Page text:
Section 377 of India’s Constitution was in the news this week. It states, “Whoever voluntarily has carnal intercourse against the order of nature with any man, woman or animal shall be punished with imprisonment for life, or with imprisonment of either description for [a] term which may extend to ten years, and shall also be liable to fine.” Although Section 377 does not spell out what is “against the order of nature,” conservatives have interpreted it to bar homosexual activity, among other things.
So it was big news this week when India’s Supreme Court ruled that “In a democratic Constitution founded on the rule of law, rights (of minorities) are as sacred as those conferred on other citizens to protect their freedoms and liberties. Sexual orientation is an essential attribute of privacy.”
When I lost my belief in God, the near-universal reaction from my Christian friends was to sweep a hand at the marvelous world around us and say, “Where did all this come from, then?” For them, God was the only possible explanation.
Among scientists, the hypothesis that our universe was born from a larger multiverse has steadily been gaining credence. There are several ways this could be true. As one possibility, the Big Bang could have been a quantum fluctuation in another universe, which in turn could have been born in the same way from its parent, stretching back forever. With this model, the multiverse is like an eternal froth of bubble universes. There are other models, too. I recommend Brian Greene’s book, The Hidden Reality: Parallel Universes and the Deep Laws of the Cosmos if you’re curious.
As an answer to “Where did all this come from, then?” the multiverse model may seem to be on equal footing with “God did it.” By definition, we cannot reach out and touch other universes to prove they (and therefore a multiverse) exist, much less can we prove that our universe arose from the multiverse by some natural process.
It’s true that we can neither prove that God did it, nor that the multiverse and the laws of physics did it. But as I outlined last time, just because competing explanations are uncertain does not mean they are on equal footing.
Perhaps God engraved the Ten Commandments with his finger on stone tablets because he knew they would become the touchstone of morality in the western world. (Come to think of it, is that where the word touchstone comes from?) Even Christopher Hitchens, no fan of the biblical ten, connected to them when he produced his own ten.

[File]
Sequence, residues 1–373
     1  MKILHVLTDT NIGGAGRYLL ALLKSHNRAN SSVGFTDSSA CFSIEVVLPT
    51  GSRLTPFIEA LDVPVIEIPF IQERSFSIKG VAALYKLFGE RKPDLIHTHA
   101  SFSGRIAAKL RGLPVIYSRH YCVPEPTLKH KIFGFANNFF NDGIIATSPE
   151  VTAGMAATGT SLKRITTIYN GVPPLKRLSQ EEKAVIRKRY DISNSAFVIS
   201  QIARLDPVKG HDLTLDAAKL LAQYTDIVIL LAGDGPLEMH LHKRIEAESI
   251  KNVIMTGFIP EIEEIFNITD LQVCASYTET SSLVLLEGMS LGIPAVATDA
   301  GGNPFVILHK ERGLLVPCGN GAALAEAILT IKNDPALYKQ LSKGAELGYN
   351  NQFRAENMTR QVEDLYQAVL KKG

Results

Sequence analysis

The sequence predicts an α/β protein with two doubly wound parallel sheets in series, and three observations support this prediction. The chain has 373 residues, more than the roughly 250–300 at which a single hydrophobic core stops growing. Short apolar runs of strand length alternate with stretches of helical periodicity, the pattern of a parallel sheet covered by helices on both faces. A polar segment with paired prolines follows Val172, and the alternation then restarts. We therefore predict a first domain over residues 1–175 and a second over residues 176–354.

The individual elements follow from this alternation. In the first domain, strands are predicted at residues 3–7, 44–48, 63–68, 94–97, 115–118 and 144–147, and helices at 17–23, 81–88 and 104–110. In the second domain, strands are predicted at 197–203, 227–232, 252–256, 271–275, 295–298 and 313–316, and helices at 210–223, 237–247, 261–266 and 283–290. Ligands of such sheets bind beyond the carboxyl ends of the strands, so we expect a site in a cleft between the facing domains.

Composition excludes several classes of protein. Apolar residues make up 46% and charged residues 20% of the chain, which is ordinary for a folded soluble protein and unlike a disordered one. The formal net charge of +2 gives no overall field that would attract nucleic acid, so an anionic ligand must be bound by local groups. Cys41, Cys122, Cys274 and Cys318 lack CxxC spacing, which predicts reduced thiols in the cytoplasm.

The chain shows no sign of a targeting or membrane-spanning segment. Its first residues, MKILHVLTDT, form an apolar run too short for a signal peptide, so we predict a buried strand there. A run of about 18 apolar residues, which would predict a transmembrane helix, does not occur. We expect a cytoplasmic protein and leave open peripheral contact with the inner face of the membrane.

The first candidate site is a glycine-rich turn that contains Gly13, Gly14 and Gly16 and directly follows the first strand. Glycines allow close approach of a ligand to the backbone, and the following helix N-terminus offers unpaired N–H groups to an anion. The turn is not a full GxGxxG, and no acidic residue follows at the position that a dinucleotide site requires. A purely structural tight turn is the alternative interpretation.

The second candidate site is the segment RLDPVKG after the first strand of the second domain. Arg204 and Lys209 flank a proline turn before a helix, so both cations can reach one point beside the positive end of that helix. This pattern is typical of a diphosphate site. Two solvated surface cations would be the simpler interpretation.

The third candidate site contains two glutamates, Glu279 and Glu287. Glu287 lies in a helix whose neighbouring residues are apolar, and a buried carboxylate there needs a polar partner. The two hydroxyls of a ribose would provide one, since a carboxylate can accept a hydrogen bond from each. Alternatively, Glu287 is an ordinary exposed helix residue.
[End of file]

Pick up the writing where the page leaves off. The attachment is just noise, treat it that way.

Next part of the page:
Sean Carroll’s book, The Big Picture, is an exposition of what he calls poetic naturalism. He has this to say about the Ten Commandments (page 420).
A good poetic naturalist will resist the temptation to hand out commandments. “Give someone a fish,” the saying goes, “and you feed them fish for a day. Teach them to fish, and you feed them for a lifetime.” When it comes to how to lead our lives, poetic naturalism has no fish to give us. It doesn’t even really teach us how to fish. It’s more like poetic naturalism helps us figure out that there are things called “fish,” and perhaps investigate the various possible ways to go about catching them, if that were something that we were inclined to do. It’s up to us what strategy we want to take, and what to do with our fish once we’ve caught them.
It makes sense, then, to put aside the concept of “commandments” and instead propose Ten Considerations…
Here are his Ten Considerations with excerpts from his few paragraphs about each.
Many of us try to live by this simple verse in the Sermon on the Mount (Matthew 7:1):
Judge not, that ye be not judged.
Sound advice, right? Yes, but last night I learned that sometimes we need to do better than that. We need to make a judgment and speak up.
Last time, I promised this post would consider the purpose of hell. It has been so long since that promise that some of my readers may think that I have actually gone there, but fear not: I have not and neither will you.
Alive and well so far, let’s turn to the cheerful subject of why hell is so important to evangelical Christianity.
1) Without hell, Jesus’ death on the cross is meaningless.
Several years ago, one of my daughters, who was a Christian, said she was worried about going to hell. At the time, I was still a Christian too, but, in the midst of my four-year period of deep questioning, there were some things I had figured out. I assured her, “Don’t worry. The doctrine of hell is ridiculous. A just God would not punish anyone for an infinite amount of time for sins committed in this lifetime’s comparative blink of an eye. Infinite punishment for finite sins makes no sense.”
She immediately saw the truth of my argument and stopped worrying about hell.
Men get a bad rap for being sex-obsessed — only concerned with how many notches they have on their bedposts. Yes, sex is important to men, but let’s remember that most men would literally risk their lives to protect their girlfriends or families. In fact, even men who “act like animals” would do this, for male animals, too, will fight to the death to protect their mates.
Let that be in the back of your head as you read Exodus 21:2-6.
All the languages of the world are not sufficient to express the filth of polygamy. It makes of man a beast, of woman, a trembling slave. It destroys the fireside, makes virtue an outcast, takes from human speech its sweetest words, and leaves the heart a den, where crawl and hiss the slimy serpents of most loathsome lust. … The marriage of the one man to the one woman is the citadel and fortress of civilization. Without this, woman becomes the prey and slave of lust and power, and man goes back to savagery and crime.
So proclaims the great agnostic orator of the 19th century, Robert Ingersoll, in his meditation Some Mistakes of Moses.
But did Moses really make a mistake? Does the Bible allow polygamy?